There’s a new Nordic eatery in town. N’eat has opened in the East Village, joining the coalition of New York restaurants serving Scandinavian fare — Agern, Aquavit, Aska — but taking a more casual approach to the cuisine.
“I saw there was a little bit the beginning of a Nordic wave coming, but only fine dining, Michelin-starred restaurants,” remarked co-owner Mathias Kaer, who relocated to the states a year and a half ago in search of some “fresh air.” He credits Copenhagen’s Noma, currently closed, for the recent influx of interest in Scandinavian food and culture. “It started five six years ago with Noma being the world’s best restaurant,” he explained. “With a cuisine that was so new, that nobody had heard about before.”
Kaer found a chef partner for his first New York restaurant in Gabriel Hedlund, whom he met a few years back while they were both working in Copenhagen. Hedlund, who’s been in New York since December 2015, crafted the menu at N’eat to showcase his native region’s cuisine, marked by fresh flavors and high acidity and minerality. Fifteen dishes are offered a la carte, featuring vegetables, seafood and meats, which encompass techniques such as pickling, brining and smoking. The restaurant is mostly using local ingredients, with the network of fellow Scandinavian chefs in the city acting as a guide to the local food vendors. The only ingredient Hedlund mentioned a lack of Stateside was cheese. “You’re not so good at the cheese over here, I’m afraid,” he said.
N’eat is situated in a cozy, minimalist space along Second Avenue in the East Village. “I think it’s a really good neighborhood, it’s super cool,” Kaer said of the location. “The thing we’re doing here is so informal, and the idea is that it’s not necessarily a destination restaurant, it’s more a neighborhood restaurant.” Kaer came across the space in its former iteration, when it was decked in dark cherry wood and leather banquets. They did a gut renovation to transform the room to be simple and very Nordic. The room is swathed in light wooden elements, white-washed wooden walls and gray-toned Danish furniture. The front dining room features a chef’s counter, and the back dining area, encased in glass, puts the restaurant’s wine cellar on display in a jewel-box setting overlooking a courtyard.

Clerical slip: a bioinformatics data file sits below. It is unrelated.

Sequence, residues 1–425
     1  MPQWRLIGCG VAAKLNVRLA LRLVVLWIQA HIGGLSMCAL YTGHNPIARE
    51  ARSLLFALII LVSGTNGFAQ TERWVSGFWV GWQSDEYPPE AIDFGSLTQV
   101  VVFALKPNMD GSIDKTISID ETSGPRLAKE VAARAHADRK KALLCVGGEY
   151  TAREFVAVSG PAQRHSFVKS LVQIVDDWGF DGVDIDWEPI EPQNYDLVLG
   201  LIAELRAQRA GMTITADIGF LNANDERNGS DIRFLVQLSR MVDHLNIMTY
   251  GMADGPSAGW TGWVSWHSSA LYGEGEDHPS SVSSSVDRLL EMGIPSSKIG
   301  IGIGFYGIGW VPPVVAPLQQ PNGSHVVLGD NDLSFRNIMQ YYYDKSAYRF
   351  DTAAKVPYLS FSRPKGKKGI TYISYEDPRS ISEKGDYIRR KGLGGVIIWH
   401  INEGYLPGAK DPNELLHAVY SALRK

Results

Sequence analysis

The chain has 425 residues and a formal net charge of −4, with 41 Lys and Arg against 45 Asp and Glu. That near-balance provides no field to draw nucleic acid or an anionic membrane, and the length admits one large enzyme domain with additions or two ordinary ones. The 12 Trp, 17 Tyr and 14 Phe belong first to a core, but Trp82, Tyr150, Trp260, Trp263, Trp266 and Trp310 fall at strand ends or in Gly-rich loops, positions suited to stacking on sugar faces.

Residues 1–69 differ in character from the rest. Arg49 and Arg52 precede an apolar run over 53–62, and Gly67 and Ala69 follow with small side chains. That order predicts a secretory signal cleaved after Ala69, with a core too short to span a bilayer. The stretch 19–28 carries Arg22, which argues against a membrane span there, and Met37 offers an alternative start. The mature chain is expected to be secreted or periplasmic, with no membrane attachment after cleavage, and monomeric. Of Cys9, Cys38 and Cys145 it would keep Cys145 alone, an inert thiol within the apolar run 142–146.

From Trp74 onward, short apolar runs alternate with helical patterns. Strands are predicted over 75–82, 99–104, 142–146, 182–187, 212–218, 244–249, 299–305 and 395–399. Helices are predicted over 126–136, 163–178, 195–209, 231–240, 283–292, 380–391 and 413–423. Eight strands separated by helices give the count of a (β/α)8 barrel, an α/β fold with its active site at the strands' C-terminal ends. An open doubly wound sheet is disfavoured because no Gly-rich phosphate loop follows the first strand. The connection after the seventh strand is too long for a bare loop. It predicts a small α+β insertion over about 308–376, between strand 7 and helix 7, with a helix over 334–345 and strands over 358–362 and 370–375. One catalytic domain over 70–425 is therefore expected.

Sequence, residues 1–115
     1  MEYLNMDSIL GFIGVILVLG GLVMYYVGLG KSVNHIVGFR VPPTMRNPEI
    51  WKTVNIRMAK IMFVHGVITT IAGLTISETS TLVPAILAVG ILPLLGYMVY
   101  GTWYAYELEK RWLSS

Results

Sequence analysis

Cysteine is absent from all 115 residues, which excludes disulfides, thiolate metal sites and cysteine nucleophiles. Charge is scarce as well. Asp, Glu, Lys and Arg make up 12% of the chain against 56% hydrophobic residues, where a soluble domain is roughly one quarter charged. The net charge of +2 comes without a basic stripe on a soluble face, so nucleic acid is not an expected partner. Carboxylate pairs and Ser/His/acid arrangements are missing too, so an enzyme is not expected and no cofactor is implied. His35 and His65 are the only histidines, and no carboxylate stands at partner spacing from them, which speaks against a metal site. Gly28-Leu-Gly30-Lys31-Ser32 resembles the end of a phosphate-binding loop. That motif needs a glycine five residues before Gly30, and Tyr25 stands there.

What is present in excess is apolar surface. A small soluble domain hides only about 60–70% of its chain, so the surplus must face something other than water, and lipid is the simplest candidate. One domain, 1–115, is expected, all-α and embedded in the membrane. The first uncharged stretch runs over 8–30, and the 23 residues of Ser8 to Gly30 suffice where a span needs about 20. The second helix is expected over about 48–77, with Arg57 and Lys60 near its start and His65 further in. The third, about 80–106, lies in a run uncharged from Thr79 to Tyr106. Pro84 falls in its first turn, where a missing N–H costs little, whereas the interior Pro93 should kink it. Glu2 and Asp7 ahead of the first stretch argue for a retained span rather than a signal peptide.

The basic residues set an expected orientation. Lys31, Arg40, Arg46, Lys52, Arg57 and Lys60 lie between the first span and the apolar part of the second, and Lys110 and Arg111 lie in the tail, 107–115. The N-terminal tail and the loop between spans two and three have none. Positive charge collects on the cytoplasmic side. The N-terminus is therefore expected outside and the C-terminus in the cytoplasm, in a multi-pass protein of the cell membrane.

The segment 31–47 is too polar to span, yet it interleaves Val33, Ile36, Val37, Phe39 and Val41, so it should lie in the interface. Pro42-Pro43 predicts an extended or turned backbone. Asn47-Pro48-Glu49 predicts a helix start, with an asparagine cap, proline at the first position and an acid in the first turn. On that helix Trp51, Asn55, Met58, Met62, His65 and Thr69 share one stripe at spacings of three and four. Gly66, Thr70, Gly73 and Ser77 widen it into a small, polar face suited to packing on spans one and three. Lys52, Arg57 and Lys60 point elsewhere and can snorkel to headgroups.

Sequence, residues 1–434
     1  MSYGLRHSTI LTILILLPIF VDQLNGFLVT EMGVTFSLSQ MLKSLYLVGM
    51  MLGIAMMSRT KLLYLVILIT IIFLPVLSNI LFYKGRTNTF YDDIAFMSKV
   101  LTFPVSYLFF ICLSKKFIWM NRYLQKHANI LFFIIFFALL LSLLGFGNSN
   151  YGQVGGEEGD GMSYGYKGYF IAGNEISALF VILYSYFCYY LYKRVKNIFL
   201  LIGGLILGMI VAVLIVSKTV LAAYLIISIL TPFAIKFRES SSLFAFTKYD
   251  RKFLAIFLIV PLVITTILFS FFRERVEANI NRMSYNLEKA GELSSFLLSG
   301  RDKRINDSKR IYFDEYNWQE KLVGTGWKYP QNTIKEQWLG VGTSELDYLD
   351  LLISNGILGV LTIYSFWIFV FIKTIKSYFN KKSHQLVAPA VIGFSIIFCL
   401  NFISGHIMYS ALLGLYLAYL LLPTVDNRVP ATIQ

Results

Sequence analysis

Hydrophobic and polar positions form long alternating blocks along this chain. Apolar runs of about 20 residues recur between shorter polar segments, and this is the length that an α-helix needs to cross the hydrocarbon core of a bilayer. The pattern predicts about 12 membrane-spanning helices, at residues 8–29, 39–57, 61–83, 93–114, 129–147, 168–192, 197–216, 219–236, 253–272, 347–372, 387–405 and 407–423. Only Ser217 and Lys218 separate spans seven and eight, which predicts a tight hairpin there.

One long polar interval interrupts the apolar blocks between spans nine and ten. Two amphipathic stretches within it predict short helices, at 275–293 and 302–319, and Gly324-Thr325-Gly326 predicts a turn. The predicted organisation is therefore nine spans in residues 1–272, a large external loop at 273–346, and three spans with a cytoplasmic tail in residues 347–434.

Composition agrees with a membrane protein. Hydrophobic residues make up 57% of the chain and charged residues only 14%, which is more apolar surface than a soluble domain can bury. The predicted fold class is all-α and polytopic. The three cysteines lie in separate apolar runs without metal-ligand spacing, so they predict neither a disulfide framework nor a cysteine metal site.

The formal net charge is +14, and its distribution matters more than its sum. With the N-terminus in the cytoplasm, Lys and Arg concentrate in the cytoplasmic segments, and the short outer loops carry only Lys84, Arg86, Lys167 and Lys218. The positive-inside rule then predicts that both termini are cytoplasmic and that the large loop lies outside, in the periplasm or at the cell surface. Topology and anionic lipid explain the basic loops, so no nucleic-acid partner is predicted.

Kaer and Hedlund are optimistic that pairing Michelin-level food details with a welcoming environment will be a winning combination for the downtown neighborhood, which has no shortage of dining alternatives.
“It’s definitely more pressure because there’s a lot of good restaurants here, a lot of good chefs,” Hedlund said, reflecting on the unique pressure of cooking in New York. “But, there are also a lot of people who are eating all of the time.”
58 2nd Avenue, New York, NY